As far back as the late 1950′s a flung-together group of veterans and aviation enthusiasts combined their efforts to locate, purchase, renovate and maintain, vintage aircraft from, mostly, World War II. It wasn’t long before they felt the need to formalize their venture and in 1961 the group registered themselves as a non-profit Texas corporation called “The Commemorative Air Force”, or CAF.
One can imagine the cost, in dollars and man-hours, of the mission these men and women set out upon. They were relentless in the pursuit but by 2001 their name had become politically incorrect. It was never their intention to align themselves with the Confederate South, they simply had considered themselves a loosely constructed “confederate” of soldiers with a specific mission: to maintain, for the sake of history, honor, and future generations, some of the more venerable aircraft of our nations’ military history in the air.
The CAF now has the world’s largest fleet of flyable World War II aircraft. Everything from small trainers and liaison aircraft, to the gargantuan B-29 Superfortress, this one named “FiFi”. It is the world’s only flying Superfortress. The CAF has saved many aircraft from all out extinction, including the famous Curtiss SB2C Helldiver. The Helldiver restoration took over six years and tens of thousands of man-hours. It is the only flying Helldiver in the world.
The CAF maintains several museums scattered around the country, including the Airpower Museum at the Midland (Texas) International Airport. They fly their aircraft all around the country to various air shows and events with the airplanes are put on display. These outings include an army of volunteers to help with the displays and flying and to “babysit” the aircraft during shows. Being a babysitter, while sometimes perhaps a bit repetitive, does have it’s moments. One such “babysitter” related a story to Barry Schiff, a retired airline Captain and regular writer for AOPA magazine:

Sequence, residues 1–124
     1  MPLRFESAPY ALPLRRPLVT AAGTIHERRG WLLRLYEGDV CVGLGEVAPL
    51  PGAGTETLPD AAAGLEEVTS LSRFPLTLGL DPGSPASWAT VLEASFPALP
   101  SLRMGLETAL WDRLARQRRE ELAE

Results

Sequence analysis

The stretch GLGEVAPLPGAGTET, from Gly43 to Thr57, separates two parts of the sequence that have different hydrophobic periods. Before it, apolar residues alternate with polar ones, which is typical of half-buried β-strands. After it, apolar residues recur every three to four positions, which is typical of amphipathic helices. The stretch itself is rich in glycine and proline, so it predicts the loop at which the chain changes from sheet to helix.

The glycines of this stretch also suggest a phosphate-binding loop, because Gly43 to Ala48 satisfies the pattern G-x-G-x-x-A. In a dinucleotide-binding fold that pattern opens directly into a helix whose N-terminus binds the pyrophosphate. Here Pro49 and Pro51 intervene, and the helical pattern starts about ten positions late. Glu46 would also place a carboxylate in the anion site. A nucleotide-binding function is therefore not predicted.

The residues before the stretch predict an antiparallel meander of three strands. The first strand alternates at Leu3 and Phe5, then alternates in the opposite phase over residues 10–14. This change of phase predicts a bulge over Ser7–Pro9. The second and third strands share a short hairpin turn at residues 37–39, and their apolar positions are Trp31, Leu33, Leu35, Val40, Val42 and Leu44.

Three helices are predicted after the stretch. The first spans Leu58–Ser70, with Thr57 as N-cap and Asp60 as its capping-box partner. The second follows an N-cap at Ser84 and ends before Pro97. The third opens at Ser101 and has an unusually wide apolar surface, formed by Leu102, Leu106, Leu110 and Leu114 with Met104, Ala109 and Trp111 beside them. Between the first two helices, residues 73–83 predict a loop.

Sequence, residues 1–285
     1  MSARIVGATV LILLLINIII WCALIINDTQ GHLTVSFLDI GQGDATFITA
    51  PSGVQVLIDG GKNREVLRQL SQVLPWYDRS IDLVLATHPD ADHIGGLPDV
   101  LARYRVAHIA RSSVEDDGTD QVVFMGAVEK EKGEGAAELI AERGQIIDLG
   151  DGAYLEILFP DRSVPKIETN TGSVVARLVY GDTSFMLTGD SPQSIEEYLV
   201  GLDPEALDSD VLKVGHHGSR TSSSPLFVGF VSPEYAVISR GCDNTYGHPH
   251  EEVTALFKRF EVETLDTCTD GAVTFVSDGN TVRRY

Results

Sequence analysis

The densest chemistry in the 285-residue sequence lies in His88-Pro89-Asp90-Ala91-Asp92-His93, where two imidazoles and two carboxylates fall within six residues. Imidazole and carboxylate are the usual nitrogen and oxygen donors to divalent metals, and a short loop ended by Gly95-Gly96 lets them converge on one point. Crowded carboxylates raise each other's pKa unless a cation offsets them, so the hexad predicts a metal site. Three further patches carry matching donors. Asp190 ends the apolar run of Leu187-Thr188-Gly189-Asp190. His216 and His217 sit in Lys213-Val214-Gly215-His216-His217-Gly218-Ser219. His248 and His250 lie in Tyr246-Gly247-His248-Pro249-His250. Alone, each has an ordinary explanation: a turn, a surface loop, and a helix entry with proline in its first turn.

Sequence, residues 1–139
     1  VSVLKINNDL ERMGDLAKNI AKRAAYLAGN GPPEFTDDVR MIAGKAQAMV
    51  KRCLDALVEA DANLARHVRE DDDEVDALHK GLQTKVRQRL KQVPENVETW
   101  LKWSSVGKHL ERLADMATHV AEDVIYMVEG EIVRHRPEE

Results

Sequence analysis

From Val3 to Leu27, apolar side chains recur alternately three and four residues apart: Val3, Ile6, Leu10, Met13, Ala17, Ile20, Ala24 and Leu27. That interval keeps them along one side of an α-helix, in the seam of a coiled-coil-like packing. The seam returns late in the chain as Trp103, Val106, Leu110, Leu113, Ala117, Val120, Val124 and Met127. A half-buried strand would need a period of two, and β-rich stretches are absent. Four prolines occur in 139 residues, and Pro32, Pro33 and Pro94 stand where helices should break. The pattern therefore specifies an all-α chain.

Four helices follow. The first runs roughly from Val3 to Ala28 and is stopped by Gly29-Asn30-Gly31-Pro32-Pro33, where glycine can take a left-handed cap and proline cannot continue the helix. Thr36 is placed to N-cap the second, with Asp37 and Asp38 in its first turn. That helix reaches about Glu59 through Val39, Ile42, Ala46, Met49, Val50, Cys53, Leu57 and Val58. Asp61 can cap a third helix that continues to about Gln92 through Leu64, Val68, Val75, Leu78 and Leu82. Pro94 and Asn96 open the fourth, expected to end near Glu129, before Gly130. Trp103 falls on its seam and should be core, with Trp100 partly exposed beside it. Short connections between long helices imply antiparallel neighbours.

“I was sitting a North American B-25 Mitchell at an airshow. I noticed an elderly man approaching slowly, with the help of a walker. I looked into his rheumy eyes and saw tears beginning to form rivulets on his cheeks. The man said that he had been a B-25 tail gunner and had not been ‘near an Army bomber’ for 60 years. The man cried unabashedly as he told of how he was wounded during his twenty-fourth mission, but he was the lucky one–the only one to bail out of the stricken airplane, the only survivor. Emotion poured from the man like water from a faucet. After gaining his composure, he laid a bony, weathered hand on a bomb-bay door and offered a barely audible prayer for his fallen comrades.”
That single event, I suspect, would be enough restitution for any of the hundreds of volunteers at CAF who have dedicated their free time to this project. Only the Collins Foundation of Stowe, Mass., comes close to the CAF in terms of number of aircraft and effort-spent in this priceless pursuit of maintaining history. There are only two B-24′s left flying in the world. One is owned by CAF, “Ol’ 927″, and “Witchcraft”, owned by the Collins Foundation. I have seen and been inside Witchcraft several times at various airshows around New England. I can’t tell you the feeling of being inside a piece of flying history, in an airplane that saw battle. It is easy to imagine the nervous young soldiers getting tossed around inside, listening to flak all around them. Quietly praying for a safe return from yet another death-defying mission. You can crawl back to the tail-gunner’s seat…a canvas sling that hung from the sides of the aircraft with barely enough room to turn your head. It is a vulnerable-feeling place, and the birthplace of the old adage “don’t get your ass in a sling”.
Next time you hear of either one of these two organizations planning on showing up at an airport near you, make it a point to go. Bring your kids. Bring a friend. It is an awesome experience and more importantly, an opportunity for each of us to lay a hand on aluminum and offer our own quiet prayer for all of those who called one of these planes, the last place they were alive. A heartfelt “thank you” to the Commemorative Air Force and The Collins Foundation for your tireless efforts.
Tags: Flying History